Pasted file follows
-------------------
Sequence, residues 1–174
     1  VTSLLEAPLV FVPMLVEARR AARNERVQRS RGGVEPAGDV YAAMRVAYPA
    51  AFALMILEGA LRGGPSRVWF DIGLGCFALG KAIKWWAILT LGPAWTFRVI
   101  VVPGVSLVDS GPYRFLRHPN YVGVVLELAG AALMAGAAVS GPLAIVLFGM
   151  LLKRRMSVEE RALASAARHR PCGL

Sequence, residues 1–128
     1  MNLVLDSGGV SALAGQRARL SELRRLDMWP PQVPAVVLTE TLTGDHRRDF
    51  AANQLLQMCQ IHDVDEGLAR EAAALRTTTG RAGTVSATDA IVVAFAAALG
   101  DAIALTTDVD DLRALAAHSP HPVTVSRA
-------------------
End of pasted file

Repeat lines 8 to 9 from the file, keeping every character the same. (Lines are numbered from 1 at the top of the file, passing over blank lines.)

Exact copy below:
    51  AANQLLQMCQ IHDVDEGLAR EAAALRTTTG RAGTVSATDA IVVAFAAALG
   101  DAIALTTDVD DLRALAAHSP HPVTVSRA